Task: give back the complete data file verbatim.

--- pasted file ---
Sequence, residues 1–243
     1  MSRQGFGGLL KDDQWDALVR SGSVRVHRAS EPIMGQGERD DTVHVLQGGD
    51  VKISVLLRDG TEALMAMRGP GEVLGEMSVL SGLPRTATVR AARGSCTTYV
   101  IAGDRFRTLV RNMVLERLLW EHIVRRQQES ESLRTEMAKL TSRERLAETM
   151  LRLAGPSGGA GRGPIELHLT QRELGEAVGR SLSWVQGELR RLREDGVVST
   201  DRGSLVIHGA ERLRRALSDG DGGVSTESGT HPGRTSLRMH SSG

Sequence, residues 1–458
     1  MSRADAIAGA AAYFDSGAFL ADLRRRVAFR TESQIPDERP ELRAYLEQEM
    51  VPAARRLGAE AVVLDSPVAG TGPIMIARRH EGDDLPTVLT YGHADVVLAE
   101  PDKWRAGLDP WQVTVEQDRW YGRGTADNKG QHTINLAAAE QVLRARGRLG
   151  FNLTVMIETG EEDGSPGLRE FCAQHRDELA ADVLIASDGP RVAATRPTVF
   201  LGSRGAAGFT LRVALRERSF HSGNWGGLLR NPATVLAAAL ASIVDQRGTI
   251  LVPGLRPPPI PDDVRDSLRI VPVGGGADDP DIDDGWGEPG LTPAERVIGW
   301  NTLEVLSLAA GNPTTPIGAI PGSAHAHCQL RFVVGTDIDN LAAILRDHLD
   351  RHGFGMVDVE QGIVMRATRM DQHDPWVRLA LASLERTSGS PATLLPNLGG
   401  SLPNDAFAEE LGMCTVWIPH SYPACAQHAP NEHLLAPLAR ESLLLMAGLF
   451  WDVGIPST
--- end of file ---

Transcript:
Sequence, residues 1–243
     1  MSRQGFGGLL KDDQWDALVR SGSVRVHRAS EPIMGQGERD DTVHVLQGGD
    51  VKISVLLRDG TEALMAMRGP GEVLGEMSVL SGLPRTATVR AARGSCTTYV
   101  IAGDRFRTLV RNMVLERLLW EHIVRRQQES ESLRTEMAKL TSRERLAETM
   151  LRLAGPSGGA GRGPIELHLT QRELGEAVGR SLSWVQGELR RLREDGVVST
   201  DRGSLVIHGA ERLRRALSDG DGGVSTESGT HPGRTSLRMH SSG

Sequence, residues 1–458
     1  MSRADAIAGA AAYFDSGAFL ADLRRRVAFR TESQIPDERP ELRAYLEQEM
    51  VPAARRLGAE AVVLDSPVAG TGPIMIARRH EGDDLPTVLT YGHADVVLAE
   101  PDKWRAGLDP WQVTVEQDRW YGRGTADNKG QHTINLAAAE QVLRARGRLG
   151  FNLTVMIETG EEDGSPGLRE FCAQHRDELA ADVLIASDGP RVAATRPTVF
   201  LGSRGAAGFT LRVALRERSF HSGNWGGLLR NPATVLAAAL ASIVDQRGTI
   251  LVPGLRPPPI PDDVRDSLRI VPVGGGADDP DIDDGWGEPG LTPAERVIGW
   301  NTLEVLSLAA GNPTTPIGAI PGSAHAHCQL RFVVGTDIDN LAAILRDHLD
   351  RHGFGMVDVE QGIVMRATRM DQHDPWVRLA LASLERTSGS PATLLPNLGG
   401  SLPNDAFAEE LGMCTVWIPH SYPACAQHAP NEHLLAPLAR ESLLLMAGLF
   451  WDVGIPST